2. Could you bring that home? I’m going to Montreal for a couple of days. I’ll be able to compare these plants to those in the greenhouses of the Mtl Botanic.

  3. Love love love the photos Gayla! From my office in lack-of-lush-vegetation Utah, I’m living vicariously through you!

    Although I have yet to visit the area you are in, a friend of mine spent some time in Dominica. She loved it, but was not thrilled about the giant centipedes.

  4. Chigal: We noticed a lot of garden cleanup recently… which is basically hacking away at the overgrowth… and Davin asked if this was special for the season… Nope. It’s all the time.

    Barry: I wish I could bring it home!

    Linda: Oh I want to see the giant centipedes! I have seen what I think are pretty big millipedes… and yesterday we saw several land crabs… which let me tell you are awesome

  5. I went to Dominica about ten years ago. I was a teenager and it was a cruise with my dad and step-family – we were only in Dominica for a day, but it was by far my favorite of all the islands we visited. I remember being taken aback by banana trees growing so nonchalantly on the side of the road. Wish I could have spent more time there. Thank you for sharing your trip with all of us!

  6. land crabs? what the? wow… these photos and your descriptions are making my day. thanks for sharing. I think this is the best thing about travel: experiencing someplace else’s day-to-day life/stuff/plants/food… and how mind-blowing it all is for the traveler. Makes me wonder what about our respective hometowns inspires the same reaction in our own visitors.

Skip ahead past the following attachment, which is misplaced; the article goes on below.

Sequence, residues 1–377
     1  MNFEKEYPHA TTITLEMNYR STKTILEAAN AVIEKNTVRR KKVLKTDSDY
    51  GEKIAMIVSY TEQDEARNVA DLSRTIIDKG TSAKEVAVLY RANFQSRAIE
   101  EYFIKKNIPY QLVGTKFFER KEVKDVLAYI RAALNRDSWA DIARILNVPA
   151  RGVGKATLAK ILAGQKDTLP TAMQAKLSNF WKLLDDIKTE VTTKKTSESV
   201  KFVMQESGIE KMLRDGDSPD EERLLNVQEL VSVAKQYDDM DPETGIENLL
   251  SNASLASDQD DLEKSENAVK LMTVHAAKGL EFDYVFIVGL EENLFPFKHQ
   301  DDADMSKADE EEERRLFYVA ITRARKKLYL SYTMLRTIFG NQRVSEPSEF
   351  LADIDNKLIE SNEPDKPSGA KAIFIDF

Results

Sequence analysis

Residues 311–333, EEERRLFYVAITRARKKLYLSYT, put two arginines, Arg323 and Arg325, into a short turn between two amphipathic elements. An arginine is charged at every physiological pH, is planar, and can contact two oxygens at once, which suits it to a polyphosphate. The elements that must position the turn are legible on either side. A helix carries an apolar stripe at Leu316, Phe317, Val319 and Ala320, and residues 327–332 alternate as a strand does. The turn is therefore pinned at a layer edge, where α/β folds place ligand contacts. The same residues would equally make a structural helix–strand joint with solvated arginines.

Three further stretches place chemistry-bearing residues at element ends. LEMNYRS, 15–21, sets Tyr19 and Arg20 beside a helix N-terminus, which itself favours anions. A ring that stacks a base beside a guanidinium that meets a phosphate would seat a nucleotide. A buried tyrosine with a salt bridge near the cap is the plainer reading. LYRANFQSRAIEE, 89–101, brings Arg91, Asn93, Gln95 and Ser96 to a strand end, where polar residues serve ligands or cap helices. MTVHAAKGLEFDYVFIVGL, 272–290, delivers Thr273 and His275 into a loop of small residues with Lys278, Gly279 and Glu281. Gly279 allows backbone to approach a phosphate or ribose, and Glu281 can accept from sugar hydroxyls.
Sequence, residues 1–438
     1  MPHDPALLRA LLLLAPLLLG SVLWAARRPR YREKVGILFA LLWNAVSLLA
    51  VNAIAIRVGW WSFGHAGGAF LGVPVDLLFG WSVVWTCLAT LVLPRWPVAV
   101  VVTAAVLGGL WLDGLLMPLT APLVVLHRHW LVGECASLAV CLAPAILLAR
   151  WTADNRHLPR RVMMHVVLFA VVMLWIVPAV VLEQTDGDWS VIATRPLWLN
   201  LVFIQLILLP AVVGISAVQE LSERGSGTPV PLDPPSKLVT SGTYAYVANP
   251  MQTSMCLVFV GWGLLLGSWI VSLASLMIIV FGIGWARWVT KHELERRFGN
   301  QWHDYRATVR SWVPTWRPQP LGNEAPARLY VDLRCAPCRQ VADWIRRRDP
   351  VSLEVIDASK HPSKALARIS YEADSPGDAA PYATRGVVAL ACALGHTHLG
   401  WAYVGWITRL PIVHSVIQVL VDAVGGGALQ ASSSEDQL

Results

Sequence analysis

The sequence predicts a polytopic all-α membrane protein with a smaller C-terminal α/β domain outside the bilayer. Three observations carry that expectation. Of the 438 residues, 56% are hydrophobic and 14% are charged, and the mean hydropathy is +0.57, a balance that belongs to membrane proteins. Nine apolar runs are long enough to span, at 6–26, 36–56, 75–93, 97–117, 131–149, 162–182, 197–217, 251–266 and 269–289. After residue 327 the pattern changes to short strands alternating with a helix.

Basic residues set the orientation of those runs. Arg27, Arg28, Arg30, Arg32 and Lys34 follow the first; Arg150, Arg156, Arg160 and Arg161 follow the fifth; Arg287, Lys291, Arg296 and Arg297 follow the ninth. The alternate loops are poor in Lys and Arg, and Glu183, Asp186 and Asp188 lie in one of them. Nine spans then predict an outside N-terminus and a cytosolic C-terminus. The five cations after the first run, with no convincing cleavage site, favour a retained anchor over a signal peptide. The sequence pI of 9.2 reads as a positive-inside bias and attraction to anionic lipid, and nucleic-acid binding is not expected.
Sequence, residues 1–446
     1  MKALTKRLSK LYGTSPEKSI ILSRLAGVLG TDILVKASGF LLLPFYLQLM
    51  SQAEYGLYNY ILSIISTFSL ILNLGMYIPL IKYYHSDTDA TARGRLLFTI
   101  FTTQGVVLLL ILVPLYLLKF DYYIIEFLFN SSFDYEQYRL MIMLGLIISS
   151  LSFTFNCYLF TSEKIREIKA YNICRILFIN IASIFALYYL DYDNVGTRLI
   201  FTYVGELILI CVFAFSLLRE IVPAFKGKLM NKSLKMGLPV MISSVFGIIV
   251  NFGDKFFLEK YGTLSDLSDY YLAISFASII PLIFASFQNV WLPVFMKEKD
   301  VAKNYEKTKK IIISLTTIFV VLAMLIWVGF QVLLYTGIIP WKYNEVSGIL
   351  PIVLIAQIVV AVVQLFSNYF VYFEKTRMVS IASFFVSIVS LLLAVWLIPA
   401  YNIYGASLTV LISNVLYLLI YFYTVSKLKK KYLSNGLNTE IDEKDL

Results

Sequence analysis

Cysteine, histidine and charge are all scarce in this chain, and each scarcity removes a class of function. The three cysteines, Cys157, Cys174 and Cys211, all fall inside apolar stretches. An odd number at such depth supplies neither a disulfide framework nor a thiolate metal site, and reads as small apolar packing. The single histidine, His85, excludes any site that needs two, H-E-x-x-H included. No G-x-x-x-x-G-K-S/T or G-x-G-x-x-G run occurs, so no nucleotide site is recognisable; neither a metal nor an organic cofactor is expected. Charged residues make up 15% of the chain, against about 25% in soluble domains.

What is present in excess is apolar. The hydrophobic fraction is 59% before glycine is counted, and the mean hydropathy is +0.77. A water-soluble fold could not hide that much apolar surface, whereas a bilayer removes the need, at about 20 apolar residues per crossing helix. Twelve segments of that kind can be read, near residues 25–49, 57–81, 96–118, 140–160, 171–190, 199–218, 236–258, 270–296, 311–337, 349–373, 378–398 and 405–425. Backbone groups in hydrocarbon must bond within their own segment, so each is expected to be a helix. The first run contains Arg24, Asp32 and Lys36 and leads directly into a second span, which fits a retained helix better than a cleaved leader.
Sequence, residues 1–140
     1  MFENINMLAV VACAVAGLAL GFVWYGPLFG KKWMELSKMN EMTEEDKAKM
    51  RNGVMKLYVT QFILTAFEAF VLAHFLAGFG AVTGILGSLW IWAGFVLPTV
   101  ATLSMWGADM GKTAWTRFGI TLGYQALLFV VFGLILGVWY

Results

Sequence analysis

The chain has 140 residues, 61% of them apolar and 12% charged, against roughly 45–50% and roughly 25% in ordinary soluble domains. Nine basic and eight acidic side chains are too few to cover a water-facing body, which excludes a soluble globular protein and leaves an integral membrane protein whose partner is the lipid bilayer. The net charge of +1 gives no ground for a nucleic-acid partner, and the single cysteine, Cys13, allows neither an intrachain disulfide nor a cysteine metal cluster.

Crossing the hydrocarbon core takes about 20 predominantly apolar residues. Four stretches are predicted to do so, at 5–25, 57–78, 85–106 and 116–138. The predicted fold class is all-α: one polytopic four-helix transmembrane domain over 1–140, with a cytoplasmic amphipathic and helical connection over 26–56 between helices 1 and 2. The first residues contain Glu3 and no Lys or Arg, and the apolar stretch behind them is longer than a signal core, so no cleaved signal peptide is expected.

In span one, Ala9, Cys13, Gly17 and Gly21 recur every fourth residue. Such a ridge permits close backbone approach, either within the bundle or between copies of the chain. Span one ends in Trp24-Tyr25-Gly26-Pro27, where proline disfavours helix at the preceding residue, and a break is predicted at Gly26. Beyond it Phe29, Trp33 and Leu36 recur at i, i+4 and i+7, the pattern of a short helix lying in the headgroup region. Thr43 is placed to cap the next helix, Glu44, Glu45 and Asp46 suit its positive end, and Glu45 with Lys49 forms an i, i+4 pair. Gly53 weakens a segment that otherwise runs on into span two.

7. Blake: Land crabs are crazy!! Although last night someone told me what I saw are river crabs and that land crabs are red. So confusing.

    I wonder that as well. I think taking pictures helps me to keep some excitement about my everyday routines.

    Michelle: Will certainly share more when I return. I’m finding it difficult to keep up with our schedule.

  8. Maybe you could invent a new port-manteau word ‘hush’ – not only is it huge and lush but also conveys the awe-inspiring nature of them…

    And yes, why on earth do we bother with trying to replicate what is so perfectly and naturally achieved somewhere else?

  9. Growing up in Panama, I got the mistaken impression that I was a good gardener. Now that I live in Northern CA, I know the truth: Panama made it easy. What you said about trying to get things NOT to grow is the truth.

  10. What an awesome post! When I saw the 1st pic of the tillandsia the commentary in my head was pretty much what you posted after the last picture.

    Those things are so expensive around here. I wonder if those people know they have like $40 dollars just laying around on the ground under the tree.

  11. Although I am a complete insect geek (I think bark beetles are cute), I am deathly afraid of centipedes (and heck, they’re not even insects anyway!).

    Dear Gayla, if you must post a photo of the giant centipedes you encounter in Dominica, please put a warning at the beginning of the post ;)

    Strangely enough, I am quite fond of millipedes though, small or big! Look forward to your next post!

  12. Ciao Gayla,
    I have a couple of baobab seeds. Can you give me some advice? I was also wondering if any of your readers are from Rome?

  13. Wow, I’m so psyched a feature on Dominica! I just watched a program on it on PBS last weekend and I was thinking it might be at the top of my list for places to go visit soon! Thanks for sharing about it!

  14. Allison: GO! A great place for nature lovers and gardeners to visit as there is so much to see and explore. 3 weeks wasn’t nearly enough.